Re "Taking care of truants," Editorial, Sept. 6
My sixth-graders apparently got the news that police have stopped writing tickets for truancy. Their response? Lunch at Panda Express. Think they ever came back for fifth period? But hey, it's only truancy.
City and school officials are sending a message that The Times endorses: Truancy is not worth enforcing with material punishment. Instead, schools and service agencies should now "address root causes" for the behavior. Why open that door? It's not ours to open. We don't care what issues are in your life. Get your kid to school.
Truants today are dropouts tomorrow; after that, you can start multiplying the social costs. Schools are full of gray areas, and now truancy is squarely in that soft zone adolescents sniff out and exploit. We give them a pass on this, and we get what we ask for.
In addition to the huge number of police citations that are keeping kids out of school, minor in-school infractions are putting thousands more California students on the streets. With support from law enforcement, schools in Fresno, Santa Ana, San Francisco and Sacramento, among others, are adopting alternative disciplinary policies that address this problem. In Oakland, one school has used a restorative justice approach to help cut school suspensions by about 85%.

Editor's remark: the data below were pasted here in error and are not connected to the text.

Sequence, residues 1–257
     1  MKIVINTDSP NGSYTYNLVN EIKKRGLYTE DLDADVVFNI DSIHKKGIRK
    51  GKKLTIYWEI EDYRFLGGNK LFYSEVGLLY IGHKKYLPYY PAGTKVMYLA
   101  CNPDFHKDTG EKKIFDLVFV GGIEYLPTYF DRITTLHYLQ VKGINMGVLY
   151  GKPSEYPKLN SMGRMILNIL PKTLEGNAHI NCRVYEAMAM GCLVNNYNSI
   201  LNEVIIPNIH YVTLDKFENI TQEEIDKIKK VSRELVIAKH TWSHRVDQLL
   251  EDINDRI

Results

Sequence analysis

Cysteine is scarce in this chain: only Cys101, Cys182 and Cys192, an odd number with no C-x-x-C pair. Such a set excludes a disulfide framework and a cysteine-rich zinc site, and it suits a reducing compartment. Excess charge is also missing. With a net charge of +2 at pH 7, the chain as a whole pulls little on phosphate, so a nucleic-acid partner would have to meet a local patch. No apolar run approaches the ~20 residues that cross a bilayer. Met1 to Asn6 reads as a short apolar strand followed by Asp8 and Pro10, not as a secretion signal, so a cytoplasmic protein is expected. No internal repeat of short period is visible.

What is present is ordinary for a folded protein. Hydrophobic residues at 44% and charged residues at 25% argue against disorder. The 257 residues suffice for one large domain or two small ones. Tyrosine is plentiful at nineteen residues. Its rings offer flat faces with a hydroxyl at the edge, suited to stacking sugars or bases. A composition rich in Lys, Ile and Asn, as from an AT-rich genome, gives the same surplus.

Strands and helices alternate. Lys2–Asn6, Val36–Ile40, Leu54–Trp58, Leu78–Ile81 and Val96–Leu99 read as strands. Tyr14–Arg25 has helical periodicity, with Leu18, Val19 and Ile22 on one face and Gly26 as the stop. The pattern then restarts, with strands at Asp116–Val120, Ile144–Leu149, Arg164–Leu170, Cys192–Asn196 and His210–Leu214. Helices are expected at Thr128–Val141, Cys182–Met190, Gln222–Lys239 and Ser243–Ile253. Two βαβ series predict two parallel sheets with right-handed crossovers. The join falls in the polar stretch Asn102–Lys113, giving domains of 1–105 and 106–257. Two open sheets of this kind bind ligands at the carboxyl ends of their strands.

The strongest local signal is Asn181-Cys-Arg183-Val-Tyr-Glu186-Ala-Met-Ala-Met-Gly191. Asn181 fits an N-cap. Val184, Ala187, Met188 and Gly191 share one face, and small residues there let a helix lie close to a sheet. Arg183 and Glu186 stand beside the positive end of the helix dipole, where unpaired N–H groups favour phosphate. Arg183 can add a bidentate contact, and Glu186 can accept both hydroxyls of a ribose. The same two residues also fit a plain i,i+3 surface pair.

As a member of Fight Crime: Invest in Kids, I support reforms that will help kids improve their behavior and reduce the enormous number of children compelled to leave school for minor infractions. There are instances where suspension or expulsion is necessary. However, in my line of work, I see firsthand the profound ways in which a relatively minor misstep can disconnect a young person from the path to a healthy, successful life.
Paul M. Walters
The writer is chief of the Santa Ana Police Department.
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